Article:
Edmund Zagorski, 63, was electrocuted in the chair at a maximum-security prison in Nashville on Thursday night after his last meal request of pickled pig knuckles and pig tails
A Tennessee man convicted of a 1980s double murder has been executed in the electric chair, after insisting on the rarely used method rather than lethal injection.
Edmund Zagorski, 63, was electrocuted in the chair at a maximum-security prison in Nashville on Thursday night after his last meal request of pickled pig knuckles and pig tails.
Zagorski’s official time of death was 7.26pm.
Asked if he had any last words just moments before the execution, Zagorski said: ‘Let’s rock’.
Witnesses to his execution said Zagorski mostly looked ahead but did look around the death chamber at a Nashville prison in the minutes before his death.
He alternated between grimacing and smiling as a sponge was put on his head. Authorities then put a shroud over his head, which was followed by the helmet.
Witnesses noted that his fists clenched when the voltage was applied and he raised up in his chair when each jolt of electricity went through him.
Zagorski did not move once the electricity stopped flowing.
He had opted for the electric chair over a lethal injection after arguing it would be a quicker and less painful way to die.
He is the first inmate in five years to be put to death by electrocution in the United States. Pictured above is the electric chair Zagorski was electrocuted in on Thursday
Zagorski had opted for the electric chair over a lethal injection after arguing it would be a quicker and less painful way to die
His attorneys then launched a last minute appeal on Thursday to the U.S. Supreme Court to halt the execution, saying it was unconstitutional to force him to choose between the electric chair and lethal injection.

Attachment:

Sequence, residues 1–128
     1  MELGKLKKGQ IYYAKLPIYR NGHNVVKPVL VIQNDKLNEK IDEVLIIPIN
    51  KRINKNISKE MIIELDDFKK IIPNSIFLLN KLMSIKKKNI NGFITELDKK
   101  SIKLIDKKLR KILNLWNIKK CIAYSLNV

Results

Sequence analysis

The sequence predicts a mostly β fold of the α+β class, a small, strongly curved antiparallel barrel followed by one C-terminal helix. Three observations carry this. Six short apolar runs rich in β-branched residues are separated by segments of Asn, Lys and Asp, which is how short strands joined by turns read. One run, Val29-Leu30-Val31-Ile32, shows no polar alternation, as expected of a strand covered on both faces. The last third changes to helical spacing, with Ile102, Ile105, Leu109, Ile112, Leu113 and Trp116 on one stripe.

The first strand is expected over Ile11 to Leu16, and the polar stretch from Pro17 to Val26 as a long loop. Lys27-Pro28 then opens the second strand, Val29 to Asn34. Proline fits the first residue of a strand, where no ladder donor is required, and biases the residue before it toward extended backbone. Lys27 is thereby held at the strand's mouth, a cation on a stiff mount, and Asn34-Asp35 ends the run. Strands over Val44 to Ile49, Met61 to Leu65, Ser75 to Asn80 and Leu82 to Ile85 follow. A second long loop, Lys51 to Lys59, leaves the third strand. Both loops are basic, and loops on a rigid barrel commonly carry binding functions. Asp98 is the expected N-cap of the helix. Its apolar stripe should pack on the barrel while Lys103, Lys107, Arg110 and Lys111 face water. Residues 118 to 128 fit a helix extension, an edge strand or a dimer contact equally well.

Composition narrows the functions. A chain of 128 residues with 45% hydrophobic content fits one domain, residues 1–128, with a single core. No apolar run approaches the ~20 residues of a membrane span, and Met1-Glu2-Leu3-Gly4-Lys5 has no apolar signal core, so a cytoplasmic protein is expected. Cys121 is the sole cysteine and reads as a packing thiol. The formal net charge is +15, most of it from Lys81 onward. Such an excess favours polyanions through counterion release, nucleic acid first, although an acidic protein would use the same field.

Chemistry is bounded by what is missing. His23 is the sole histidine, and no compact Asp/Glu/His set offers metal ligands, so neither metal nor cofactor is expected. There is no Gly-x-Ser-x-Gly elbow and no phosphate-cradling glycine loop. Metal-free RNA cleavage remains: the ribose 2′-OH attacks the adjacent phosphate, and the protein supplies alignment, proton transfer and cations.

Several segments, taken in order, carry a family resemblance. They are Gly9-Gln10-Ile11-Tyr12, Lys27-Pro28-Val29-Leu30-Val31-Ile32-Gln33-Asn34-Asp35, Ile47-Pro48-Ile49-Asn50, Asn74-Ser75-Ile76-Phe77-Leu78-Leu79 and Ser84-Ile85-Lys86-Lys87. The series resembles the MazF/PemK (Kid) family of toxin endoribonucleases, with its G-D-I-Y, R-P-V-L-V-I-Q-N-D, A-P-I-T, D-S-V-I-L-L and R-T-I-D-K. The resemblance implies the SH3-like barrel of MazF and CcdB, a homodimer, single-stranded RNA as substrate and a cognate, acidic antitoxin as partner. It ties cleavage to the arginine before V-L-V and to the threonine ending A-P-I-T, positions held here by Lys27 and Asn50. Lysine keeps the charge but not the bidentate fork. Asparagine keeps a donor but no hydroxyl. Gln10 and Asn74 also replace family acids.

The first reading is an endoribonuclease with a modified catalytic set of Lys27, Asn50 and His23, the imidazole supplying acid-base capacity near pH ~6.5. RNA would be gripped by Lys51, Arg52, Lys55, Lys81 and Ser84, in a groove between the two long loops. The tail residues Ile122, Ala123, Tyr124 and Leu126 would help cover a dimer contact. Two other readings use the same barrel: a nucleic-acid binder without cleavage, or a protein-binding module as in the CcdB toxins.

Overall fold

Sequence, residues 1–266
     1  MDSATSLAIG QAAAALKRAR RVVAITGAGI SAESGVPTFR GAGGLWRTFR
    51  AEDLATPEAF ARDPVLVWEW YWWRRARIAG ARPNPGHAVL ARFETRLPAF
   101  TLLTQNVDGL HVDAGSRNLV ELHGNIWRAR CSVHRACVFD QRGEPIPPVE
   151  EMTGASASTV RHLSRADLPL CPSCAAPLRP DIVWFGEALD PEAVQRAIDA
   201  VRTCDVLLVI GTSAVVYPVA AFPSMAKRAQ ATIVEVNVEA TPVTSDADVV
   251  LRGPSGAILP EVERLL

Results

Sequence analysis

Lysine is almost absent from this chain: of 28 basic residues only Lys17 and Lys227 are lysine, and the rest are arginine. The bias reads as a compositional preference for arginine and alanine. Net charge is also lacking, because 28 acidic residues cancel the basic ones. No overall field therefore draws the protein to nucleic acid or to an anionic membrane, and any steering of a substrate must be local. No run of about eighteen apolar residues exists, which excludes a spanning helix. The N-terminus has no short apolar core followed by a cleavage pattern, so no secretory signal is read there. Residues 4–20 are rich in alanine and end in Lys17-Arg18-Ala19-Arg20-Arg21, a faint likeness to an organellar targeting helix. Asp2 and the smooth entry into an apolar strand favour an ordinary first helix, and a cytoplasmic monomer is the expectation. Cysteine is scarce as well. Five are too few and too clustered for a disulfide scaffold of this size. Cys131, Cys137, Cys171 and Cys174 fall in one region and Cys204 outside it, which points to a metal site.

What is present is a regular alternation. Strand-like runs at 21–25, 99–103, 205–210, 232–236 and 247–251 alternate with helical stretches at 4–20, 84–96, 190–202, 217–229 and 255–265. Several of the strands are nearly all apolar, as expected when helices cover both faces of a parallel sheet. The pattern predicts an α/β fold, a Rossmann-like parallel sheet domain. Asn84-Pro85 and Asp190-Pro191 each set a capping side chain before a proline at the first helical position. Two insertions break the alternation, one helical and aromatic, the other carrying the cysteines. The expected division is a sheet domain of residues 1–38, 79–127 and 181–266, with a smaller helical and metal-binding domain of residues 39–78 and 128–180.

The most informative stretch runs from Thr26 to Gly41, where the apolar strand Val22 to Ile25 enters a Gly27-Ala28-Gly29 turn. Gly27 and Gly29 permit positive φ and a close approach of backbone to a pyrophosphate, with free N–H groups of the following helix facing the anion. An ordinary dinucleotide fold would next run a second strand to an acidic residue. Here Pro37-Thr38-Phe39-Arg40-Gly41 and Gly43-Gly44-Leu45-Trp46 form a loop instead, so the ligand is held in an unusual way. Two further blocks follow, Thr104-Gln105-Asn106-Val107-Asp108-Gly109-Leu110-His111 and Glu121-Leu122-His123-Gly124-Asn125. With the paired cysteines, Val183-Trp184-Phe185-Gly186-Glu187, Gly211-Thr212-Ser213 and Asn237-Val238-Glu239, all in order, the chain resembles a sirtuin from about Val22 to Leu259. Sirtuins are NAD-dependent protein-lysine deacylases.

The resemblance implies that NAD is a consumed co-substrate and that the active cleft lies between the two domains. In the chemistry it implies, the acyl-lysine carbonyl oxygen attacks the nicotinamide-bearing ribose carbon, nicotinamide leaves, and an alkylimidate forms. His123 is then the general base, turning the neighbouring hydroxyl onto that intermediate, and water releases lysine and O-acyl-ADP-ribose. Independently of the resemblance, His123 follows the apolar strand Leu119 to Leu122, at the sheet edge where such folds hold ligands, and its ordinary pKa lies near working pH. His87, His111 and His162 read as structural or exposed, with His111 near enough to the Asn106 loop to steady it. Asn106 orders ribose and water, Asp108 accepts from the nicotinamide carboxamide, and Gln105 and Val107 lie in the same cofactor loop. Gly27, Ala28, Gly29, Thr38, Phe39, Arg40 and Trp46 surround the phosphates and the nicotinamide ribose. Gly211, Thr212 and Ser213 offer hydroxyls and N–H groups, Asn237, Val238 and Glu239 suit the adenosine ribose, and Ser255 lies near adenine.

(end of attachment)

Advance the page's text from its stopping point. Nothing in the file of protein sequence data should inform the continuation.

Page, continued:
He is the first inmate in five years to be put to death by electrocution in the United States. He became only the second person to die in the electric chair in Tennessee since 1960.
Nationwide, only 14 other people have been put to death in the electric chair since 2000, including a Virginia inmate in 2013.
The state came close to administering a chemical injection to Zagorski three weeks ago, but the plan was halted by Tennessee’s governor when the inmate exercised his right to request the electric chair.
In Tennessee, condemned inmates whose crimes occurred before 1999 can choose the electric chair. It is only one of six states that allow such a choice.
Vigils were organized outside the Riverbend Maximum Security Institution in Nashville on Thursday night ahead of Zagorski’s execution
People form a circle and pray against the death penalty just before the execution of Edmund Zagorski at Riverbend Maximum Security Institution
Zagorski was convicted of the April 1983 slayings of two men during a drug deal.
He shot victims John Dotson and Jimmy Porter and then slit their throats after robbing the two men after they came to him to buy marijuana.
Zagorski has been on death row for 34 years.
Tennessee’s electric chair was inspected on October 10 and found to meet the criteria for an execution, according to state documents.
The device was originally rebuilt in the late 1980s by a self-taught execution expert, Fred Leuchter, who feared the device would malfunction on Thursday.
It’s only been used to execute one person before: Daryl Holton, in 2007.
Leuchter had a successful career in the execution business before his reputation was tainted by his claim that there were no gas chambers at Auschwitz. He is no longer welcome in the prison system.